Water-Related News

Mangroves crucial to SWFL ecosystem, protect shorelines and reduce carbon

Mangroves are not only iconic to Southwest Florida’s coastal beauty but they’re also the first line of defense against sea level rise and storms.

FGCU’s The Water School researchers started studying these mangroves right after Hurricane Irma in 2017 to see how the area recovered after the storm.

Just in the last couple of weeks, they’ve returned to the site to see how it has changed since then.

Win Everham, Ph.D., is a professor of ecology and environmental studies. He said, “It’s wet, it’s muddy. The prop roots make it hard to move through there. There are spiders all the time.”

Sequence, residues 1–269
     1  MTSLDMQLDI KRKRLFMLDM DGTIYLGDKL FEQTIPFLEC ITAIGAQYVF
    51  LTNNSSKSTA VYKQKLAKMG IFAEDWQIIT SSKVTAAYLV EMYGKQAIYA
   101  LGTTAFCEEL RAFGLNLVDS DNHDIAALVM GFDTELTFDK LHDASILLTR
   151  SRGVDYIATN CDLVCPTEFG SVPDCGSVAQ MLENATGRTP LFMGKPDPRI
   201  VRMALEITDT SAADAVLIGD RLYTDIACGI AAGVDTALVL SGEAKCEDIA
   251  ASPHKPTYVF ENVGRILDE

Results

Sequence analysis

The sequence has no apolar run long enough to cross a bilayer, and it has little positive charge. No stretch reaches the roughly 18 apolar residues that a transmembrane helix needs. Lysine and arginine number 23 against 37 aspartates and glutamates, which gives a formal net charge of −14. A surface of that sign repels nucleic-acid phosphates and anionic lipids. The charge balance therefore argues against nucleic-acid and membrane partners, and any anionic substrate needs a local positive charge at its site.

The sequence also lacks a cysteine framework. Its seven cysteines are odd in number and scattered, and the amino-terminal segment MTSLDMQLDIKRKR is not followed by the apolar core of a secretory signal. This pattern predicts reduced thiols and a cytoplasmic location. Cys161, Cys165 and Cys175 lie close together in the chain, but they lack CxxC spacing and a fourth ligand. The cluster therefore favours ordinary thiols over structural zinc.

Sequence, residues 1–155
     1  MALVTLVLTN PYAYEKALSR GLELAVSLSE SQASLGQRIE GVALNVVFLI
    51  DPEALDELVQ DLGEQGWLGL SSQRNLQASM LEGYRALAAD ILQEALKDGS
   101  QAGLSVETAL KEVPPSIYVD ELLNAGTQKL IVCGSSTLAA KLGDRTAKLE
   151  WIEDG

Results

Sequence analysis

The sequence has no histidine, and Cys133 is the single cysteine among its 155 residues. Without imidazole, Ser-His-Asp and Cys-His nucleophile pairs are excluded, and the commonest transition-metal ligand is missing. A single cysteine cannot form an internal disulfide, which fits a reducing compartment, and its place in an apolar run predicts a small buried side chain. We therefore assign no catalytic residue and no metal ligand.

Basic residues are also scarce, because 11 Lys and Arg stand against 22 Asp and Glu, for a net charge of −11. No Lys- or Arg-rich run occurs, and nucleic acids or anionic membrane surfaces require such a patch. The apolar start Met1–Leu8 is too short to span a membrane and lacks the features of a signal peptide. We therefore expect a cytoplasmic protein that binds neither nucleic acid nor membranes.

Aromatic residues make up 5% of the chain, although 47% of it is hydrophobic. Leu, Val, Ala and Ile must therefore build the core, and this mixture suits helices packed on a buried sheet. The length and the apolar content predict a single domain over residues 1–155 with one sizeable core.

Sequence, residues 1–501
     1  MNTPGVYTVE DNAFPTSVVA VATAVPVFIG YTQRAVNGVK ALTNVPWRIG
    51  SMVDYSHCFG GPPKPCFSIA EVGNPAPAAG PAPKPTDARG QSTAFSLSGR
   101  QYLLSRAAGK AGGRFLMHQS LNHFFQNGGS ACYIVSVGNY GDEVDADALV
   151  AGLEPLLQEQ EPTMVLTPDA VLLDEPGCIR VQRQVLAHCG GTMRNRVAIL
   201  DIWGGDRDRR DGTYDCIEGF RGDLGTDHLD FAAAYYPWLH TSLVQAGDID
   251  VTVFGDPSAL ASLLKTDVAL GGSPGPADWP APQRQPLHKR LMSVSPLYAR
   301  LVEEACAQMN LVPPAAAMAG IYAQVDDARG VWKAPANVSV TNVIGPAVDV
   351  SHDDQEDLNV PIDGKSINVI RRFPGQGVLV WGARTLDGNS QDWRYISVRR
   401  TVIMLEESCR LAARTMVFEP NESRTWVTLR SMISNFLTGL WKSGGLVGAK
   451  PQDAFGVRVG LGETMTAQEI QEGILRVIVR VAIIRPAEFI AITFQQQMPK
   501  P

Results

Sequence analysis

While the mangrove plot may be inhospitable for the unfamiliar, for Everham and Brian Bovard, Ph.D. this outdoor classroom is both beautiful and vital.

Bovard is the program coordinator and assistant professor with the Department of Ecology & Environmental Studies at FGCU.

He said, “We’re doing a long-term study of the mangroves to look at how they actually respond to things like rising sea levels, hurricane impacts, storm surge, things like that.” This duo along with their students study how these mangroves grow and change over time.”

Related: Read CHNEP's 2017 "Mangrove Heart Attack" report on saltwater wetland loss